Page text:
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Technology upgrades support effective learning in Chinook School Division

Posted on 3 February 2022 by Matthew Liebenberg

A variety of technology upgrades will continue to provide students and staff in the Chinook School Division with the necessary technical support for learning activities.

Manager of Information Systems Rob Geiger provided details about recent upgrades during the presentation of the technology status report at a regular meeting of the Chinook Board of Education, Jan. 10. He also provided additional details afterwards to the Prairie Post.

Technology has played a significant role since the start of the COVID-19 pandemic to make it possible for learning to continue under various circumstances, but he noted there is also a limit to its role.

“It certainly has become more essential for function when we had to send students home due to COVID or work from home or teach from home and so on,” he said. “I think people have become more reliant on technology for the last two years than they have ever before in education. We’ve probably reached a point where we’re not going to become more reliant on it. You do need to have that interaction between student and teacher, and having that physical presence is so incredibly important.”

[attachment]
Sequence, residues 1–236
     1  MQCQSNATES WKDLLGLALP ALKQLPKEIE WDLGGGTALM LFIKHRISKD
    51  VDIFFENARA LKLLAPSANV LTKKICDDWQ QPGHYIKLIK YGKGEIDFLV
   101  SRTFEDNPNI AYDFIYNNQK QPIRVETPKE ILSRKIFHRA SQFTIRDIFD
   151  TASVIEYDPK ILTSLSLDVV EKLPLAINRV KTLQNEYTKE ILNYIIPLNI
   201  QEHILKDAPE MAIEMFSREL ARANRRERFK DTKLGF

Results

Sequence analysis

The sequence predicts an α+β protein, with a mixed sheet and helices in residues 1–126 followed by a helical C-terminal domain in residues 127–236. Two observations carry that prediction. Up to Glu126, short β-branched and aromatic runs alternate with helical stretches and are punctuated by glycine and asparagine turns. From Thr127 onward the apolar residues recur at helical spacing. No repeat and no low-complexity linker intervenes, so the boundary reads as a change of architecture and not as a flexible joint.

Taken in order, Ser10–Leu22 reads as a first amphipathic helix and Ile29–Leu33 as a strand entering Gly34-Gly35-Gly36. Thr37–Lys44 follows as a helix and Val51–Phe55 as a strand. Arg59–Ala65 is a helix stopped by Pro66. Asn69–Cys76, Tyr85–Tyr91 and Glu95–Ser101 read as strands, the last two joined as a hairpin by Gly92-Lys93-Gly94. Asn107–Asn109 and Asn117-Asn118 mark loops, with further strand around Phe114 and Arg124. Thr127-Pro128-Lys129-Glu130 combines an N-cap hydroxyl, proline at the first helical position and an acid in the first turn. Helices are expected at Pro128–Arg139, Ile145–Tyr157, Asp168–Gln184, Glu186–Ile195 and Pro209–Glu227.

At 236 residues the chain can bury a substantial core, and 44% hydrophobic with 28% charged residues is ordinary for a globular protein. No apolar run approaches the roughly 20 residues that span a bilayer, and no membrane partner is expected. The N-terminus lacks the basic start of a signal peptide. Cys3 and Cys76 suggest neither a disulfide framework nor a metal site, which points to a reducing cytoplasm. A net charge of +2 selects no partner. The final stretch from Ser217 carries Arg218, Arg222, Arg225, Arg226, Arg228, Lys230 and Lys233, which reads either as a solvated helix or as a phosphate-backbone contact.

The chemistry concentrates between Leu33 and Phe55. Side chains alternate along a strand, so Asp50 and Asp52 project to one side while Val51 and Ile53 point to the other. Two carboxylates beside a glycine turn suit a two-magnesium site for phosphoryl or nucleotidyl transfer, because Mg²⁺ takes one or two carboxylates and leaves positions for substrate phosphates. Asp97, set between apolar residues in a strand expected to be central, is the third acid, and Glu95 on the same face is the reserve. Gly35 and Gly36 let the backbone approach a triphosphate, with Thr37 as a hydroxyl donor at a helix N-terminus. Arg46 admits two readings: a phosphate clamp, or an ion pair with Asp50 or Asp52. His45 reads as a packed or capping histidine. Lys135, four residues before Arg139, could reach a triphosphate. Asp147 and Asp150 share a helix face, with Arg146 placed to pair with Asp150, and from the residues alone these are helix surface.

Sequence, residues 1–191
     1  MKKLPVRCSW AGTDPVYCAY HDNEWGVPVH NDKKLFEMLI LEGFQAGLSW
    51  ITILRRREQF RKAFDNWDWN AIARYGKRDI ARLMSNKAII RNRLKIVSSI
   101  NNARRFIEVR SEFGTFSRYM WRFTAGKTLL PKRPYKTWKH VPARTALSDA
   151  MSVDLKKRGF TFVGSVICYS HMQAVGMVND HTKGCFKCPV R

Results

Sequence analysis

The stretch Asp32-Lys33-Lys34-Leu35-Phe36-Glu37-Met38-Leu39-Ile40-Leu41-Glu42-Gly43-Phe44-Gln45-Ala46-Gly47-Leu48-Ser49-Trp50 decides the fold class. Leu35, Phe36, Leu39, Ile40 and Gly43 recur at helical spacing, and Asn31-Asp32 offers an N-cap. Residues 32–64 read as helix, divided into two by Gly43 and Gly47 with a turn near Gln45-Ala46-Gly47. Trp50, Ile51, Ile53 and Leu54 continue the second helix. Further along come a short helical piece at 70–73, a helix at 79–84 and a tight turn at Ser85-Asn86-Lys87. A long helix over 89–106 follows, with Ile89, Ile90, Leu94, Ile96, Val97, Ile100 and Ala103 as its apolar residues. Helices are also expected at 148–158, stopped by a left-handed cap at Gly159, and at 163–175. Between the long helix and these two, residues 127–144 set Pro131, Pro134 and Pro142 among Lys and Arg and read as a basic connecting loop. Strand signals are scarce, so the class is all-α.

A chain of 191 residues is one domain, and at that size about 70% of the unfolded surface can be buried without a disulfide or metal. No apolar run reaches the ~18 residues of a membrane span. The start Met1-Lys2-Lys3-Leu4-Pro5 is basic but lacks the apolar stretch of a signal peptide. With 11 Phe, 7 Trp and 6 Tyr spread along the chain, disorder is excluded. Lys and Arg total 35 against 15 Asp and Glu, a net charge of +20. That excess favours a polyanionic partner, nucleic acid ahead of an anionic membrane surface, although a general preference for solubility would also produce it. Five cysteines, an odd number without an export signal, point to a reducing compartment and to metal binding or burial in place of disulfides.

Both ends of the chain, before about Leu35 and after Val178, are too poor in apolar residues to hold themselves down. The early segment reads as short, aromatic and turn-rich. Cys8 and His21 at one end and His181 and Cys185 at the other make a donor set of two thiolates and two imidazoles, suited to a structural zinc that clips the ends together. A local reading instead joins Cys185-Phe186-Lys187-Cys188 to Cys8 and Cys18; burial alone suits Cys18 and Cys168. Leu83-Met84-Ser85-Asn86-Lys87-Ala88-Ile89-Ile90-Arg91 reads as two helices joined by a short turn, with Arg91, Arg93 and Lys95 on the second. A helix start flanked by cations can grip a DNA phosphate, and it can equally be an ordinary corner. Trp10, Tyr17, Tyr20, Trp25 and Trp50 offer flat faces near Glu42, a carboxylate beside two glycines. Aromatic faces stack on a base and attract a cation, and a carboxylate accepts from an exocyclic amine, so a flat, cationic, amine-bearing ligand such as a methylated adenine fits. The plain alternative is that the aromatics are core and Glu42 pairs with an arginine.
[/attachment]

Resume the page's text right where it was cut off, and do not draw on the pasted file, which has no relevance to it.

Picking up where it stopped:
The provision of Chromebooks to students for learning has been a significant part of the school division’s hardware plan for several years. There are approximately eight Chromebooks for every 10 students in the school division.

The number of Chromebooks available in schools makes it possible to provide these devices on a one-to-one basis for Grade 3-12 students. This arrangement works well in schools.

“This seems to be a pretty practical level, because most students in grades K to 2 don’t use a Chromebook on a regular basis,” he said.

Some schools have used their own funds to purchase additional Chromebooks to provide students in all grades access to these devices on a one-to-one basis.

“If we saw students in kindergarten to Grade 2 using Chromebooks a lot more and if schools told us they have a strong need for those kids to have devices, then we would look at increasing the actual numbers of Chromebooks available to students,” he said.

The one-to-one ratio does not apply to the Swift Current Comprehensive High School, where students still have access to devices in a computer labs.

Now that the overall provision of Chromebooks to students in the school division is at 83 per cent, the focus is changing towards replacing existing devices.

“We purchased a lot of Chromebooks over a four-year period and we continue to increase our stock, and just like everything else they age out and eventually become end of life,” Geiger said. “They have a lifespan of anywhere from five to seven years. We’re getting to that stage where the Chromebooks that we first bought are no longer eligible for updates and are getting a little bit old. So now we’re typically not buying new Chromebooks to increase our numbers, but to replace the Chromebooks that we have already there. That’s going to be the standard for the next little while, as we’re going to continue to replace them as they need to be replaced.”